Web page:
The Current

Freeland plays down calls to invoke Emergencies Act, urges cooperation to quell third wave of COVID-19

Deputy Prime Minister Chrystia Freeland says that "partnership and working together is the way to go" to beat the third wave of COVID-19 in Canada.

NDP Leader Jagmeet Singh called for act to be invoked to help hard-hit Ontario

Deputy Prime Minister and Minister of Finance Chrystia Freeland delivered Canada's first federal budget in two years on Monday. (Adrian Wyld/The Canadian Press)

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Deputy Prime Minister Chrystia Freeland has played down NDP Leader Jagmeet Singh's call for the federal government to invoke the Emergencies Act and take control of provincial responses to a third wave of COVID-19.

"What we have done since the beginning of COVID is — for sure — had a strong federal role in the COVID response, but focused on partnership with the provinces, the territories, the municipalities," said Freeland. 

"I really believe that in our confederation, partnership and working together is the way to go," she told The Current's Matt Galloway.

The Emergencies Act gives the prime minister sweeping powers to respond to an urgent or critical situation, overriding the provinces and territories in areas that normally fall under their jurisdiction. At the beginning of the pandemic last year, Freeland described it as a "measure of last resort."

In a letter, Singh urged Prime Minister Justin Trudeau to invoke the legislation Sunday, in a bid to help Ontario tackle the third wave. The number of daily new cases has been steadily rising in Ontario for over a month, with the seven-day average reaching 4,348 Monday. ICUs are filling up, raising the prospect that health-care providers may have to triage patients and decide who gets life-saving care, and who doesn't.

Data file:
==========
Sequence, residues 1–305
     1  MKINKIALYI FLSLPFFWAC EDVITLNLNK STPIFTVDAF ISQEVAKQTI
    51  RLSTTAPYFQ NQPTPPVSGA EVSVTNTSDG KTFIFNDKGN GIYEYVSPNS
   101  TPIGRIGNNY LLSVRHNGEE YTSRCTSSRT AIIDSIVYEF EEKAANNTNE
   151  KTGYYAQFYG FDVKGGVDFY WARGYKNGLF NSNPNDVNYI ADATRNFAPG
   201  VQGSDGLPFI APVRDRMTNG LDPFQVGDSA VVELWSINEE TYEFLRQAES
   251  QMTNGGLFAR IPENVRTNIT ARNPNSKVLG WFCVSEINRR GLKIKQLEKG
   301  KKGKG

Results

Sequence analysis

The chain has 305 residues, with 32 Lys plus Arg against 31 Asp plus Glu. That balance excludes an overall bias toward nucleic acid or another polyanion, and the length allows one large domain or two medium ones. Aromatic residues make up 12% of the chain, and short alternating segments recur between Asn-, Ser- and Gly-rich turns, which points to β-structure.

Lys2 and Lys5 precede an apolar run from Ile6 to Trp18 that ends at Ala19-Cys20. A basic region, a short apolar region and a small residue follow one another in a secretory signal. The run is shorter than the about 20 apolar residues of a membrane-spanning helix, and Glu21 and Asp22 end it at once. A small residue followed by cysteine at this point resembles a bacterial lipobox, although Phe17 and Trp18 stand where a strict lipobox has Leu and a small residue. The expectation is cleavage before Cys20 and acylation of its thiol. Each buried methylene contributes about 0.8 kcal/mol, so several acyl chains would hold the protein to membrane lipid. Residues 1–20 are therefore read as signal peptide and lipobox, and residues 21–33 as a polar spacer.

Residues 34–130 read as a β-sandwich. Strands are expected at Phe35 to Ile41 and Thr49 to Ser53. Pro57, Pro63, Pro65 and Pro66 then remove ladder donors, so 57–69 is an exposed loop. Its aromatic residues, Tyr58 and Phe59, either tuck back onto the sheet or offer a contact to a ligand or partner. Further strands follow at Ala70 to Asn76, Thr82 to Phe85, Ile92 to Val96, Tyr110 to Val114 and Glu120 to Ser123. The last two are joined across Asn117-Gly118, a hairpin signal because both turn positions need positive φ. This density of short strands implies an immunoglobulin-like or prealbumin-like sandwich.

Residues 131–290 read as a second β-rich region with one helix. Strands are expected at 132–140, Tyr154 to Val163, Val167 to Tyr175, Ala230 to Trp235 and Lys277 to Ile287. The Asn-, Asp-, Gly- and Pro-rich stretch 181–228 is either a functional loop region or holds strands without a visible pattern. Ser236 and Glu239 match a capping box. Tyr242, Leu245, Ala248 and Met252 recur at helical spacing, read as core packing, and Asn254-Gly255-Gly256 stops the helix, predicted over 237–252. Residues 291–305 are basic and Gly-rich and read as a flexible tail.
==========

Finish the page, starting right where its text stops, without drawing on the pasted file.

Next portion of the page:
The NDP leader warned that "if public confidence in the government's response to COVID-19 is further eroded, this will make it almost impossible to stop the spread of the virus."

Freeland, who in her role as finance minister yesterday delivered Canada's first budget in two years, told Galloway that the federal government is "prepared to do whatever we can, whatever is needed to help."

"I'm very aware of really how hard the situation is, how hard all the choices are," she said.

But she said that "when our house is on fire," the focus should be on co-operation, not deciding where blame lies.

"Our focus is just on rolling up our sleeves, getting some pails of water and doing everything we can to keep as many people in Ontario and Alberta and across the country healthy and safe as we can."

Ontario Premier Doug Ford has faced criticism for his government's response to the third wave, though he argues the problem is driven by low vaccine supply coming from the federal government.

On Sunday, Trudeau pledged to send health-care workers to Ontario from provinces with lower case numbers, and boosting rapid testing in the province. He said Ottawa will cover all costs associated with the aid.

O'Toole says Liberals delivered 'election-style budget' during pandemic

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Erin O'Toole responds to the fiscal plan announced by the Liberal government on April 19. 1:20

In Monday's budget, Freeland extended the COVID-19 wage subsidy, rent subsidy and lockdown supports to Sept. 25, with plans to start gradually reducing support payments beginning in July. Those subsidies could be further extended to Nov. 20 if pandemic conditions demand it.

But Conservative Leader Erin O'Toole said the budget "does nothing to answer the calls from Ontario, Quebec, British Columbia and Alberta and other provinces asking for more vaccines." 

"Justin Trudeau has moved too slow for this virus. It's racing ahead of us now, and now he is slow in providing real help for Canadians in this budget," he said.

The budget also pledged $30 billion over five years to create and sustain a national child-care program; $17.6 billion for a green recovery; and $3 billion over five years to help provinces and territories improve long-term care.

Freeland told Galloway that a lot of questions around all these issues — from budget implementation to vaccine procurement — come back to "the fact that Canada has a federal-political structure."

"Some of the issues which are really urgent for Canadians can't be fixed with the waving of a magic wand from Ottawa, but they require careful collaboration between Ottawa and provinces and territories," she said.


Written by Padraig Moran, with files from CBC News. Produced by Amanda Grant and Kate Cornick.

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